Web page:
To get your Security Deposit back you need to show that you did not cause any damages to the apartment, house, or mobile home that is beyond ‘normal wear and tear.’
Normal wear and tear does not have an exact definition under the law, but it means the kind of small things that happen in any home over time. Some good examples include small marks on the walls or faded paint. Household fixtures wear out over the years, and just because something breaks after normal use doesn’t mean you have caused ‘damage’ to the home. It doesn’t matter how well you take care of the property you rent, these things are bound to happen, and your landlord can’t use your security deposit to fix them.
Some common examples of normal wear and tear are:
- Chipped, faded, or dingy paint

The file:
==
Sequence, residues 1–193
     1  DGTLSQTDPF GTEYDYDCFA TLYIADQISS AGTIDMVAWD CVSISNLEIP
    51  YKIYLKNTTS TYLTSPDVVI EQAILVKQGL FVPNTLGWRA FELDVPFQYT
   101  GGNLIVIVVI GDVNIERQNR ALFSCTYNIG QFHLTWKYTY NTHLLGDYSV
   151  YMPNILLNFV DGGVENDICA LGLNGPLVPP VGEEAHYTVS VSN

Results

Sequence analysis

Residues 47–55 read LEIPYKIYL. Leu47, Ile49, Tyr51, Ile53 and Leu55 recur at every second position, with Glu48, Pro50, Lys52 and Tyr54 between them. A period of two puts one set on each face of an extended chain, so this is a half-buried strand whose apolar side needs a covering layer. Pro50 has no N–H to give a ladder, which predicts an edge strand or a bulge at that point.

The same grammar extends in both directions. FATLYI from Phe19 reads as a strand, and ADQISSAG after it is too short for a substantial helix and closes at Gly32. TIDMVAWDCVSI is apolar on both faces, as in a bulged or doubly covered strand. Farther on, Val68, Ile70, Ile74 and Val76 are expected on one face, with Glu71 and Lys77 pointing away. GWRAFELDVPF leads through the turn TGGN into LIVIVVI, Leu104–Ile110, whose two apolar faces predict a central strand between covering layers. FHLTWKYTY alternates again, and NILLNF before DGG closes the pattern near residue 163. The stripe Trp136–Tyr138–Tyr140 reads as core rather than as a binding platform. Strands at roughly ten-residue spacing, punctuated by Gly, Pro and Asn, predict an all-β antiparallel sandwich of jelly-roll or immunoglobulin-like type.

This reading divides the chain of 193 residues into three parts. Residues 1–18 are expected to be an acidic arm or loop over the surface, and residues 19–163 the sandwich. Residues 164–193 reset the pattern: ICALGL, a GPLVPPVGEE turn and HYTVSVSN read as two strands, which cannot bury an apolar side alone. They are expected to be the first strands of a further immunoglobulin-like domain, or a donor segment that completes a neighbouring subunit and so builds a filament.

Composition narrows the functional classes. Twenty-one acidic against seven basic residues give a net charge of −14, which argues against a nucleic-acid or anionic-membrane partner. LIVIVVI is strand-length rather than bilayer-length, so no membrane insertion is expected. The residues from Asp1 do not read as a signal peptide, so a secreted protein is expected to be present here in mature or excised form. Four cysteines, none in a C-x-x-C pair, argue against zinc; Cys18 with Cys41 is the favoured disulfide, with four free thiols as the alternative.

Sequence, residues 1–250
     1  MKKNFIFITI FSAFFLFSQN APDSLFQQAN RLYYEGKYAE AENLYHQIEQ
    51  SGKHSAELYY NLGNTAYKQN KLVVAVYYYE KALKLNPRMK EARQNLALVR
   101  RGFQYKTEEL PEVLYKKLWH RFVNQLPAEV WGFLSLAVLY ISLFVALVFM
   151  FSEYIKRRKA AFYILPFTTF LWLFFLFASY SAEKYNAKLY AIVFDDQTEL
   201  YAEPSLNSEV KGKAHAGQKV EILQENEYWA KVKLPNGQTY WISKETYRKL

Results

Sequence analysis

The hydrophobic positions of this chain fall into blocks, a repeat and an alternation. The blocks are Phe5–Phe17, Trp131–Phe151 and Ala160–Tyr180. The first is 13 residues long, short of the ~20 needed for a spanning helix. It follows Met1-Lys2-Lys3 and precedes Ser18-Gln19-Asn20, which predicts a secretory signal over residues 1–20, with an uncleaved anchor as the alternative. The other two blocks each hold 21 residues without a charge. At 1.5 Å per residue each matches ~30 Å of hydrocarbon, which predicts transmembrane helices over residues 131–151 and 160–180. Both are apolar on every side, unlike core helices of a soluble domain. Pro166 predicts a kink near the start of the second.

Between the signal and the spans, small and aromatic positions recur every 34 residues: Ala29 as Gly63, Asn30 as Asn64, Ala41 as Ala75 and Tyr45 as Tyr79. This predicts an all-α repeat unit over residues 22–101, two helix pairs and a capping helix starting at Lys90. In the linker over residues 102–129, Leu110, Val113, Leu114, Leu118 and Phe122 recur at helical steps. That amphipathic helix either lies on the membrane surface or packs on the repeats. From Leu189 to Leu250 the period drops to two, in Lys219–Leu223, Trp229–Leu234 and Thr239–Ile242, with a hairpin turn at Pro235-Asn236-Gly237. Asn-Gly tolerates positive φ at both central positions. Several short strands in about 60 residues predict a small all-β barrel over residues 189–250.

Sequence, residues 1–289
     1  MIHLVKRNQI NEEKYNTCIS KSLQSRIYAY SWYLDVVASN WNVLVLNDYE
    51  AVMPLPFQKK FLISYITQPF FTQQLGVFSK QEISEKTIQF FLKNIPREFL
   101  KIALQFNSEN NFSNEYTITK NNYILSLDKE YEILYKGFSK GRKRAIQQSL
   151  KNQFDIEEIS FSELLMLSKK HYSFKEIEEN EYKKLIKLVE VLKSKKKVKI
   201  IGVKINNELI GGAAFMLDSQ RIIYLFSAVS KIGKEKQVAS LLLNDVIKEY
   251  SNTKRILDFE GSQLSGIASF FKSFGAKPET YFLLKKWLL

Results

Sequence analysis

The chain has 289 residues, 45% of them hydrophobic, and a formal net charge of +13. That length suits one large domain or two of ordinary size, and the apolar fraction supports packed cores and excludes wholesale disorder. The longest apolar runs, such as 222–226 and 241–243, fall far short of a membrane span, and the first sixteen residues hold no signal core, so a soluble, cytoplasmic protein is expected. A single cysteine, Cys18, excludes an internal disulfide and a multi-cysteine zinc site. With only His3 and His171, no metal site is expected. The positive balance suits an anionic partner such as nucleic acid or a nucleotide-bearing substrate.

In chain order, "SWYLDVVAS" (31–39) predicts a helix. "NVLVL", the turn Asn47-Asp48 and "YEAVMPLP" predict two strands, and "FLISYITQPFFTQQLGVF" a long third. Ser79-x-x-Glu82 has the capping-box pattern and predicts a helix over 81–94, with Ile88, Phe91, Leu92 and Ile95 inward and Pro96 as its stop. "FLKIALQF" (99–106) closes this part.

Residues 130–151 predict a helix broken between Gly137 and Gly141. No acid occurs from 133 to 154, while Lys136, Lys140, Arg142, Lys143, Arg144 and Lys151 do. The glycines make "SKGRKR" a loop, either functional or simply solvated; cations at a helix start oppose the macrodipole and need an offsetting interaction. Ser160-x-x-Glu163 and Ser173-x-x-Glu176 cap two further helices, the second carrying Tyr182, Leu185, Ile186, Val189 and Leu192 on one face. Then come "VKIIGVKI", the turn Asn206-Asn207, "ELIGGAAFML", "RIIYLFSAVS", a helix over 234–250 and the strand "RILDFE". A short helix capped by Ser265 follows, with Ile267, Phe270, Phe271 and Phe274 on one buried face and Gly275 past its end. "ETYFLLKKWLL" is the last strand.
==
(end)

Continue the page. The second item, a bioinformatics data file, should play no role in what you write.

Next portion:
- Worn carpets
- Scuffed or worn finish on a wood floor
Damage is something more serious than normal wear and tear. Damages are things that will need to be repaired before someone else can move in. Some common examples of damages are:
- Kids’ crayon art on the walls
- Holes in the walls
- Broken windows
- Leaving trash in the home
- Leaving the rental extremely dirty
You are only responsible for damages caused by yourself, your family, or your guests. If the property is damaged by a storm, fire, vandals, or something else beyond your control, tell your landlord immediately. It is a good idea to keep some kind of written record of the event. A report from a fire marshal or the police are two examples.
Your landlord can’t use your security deposit to repair damages that were already there when you moved in. Learn more about how to make sure you don’t get charged for these damages in ”Before You Move In.”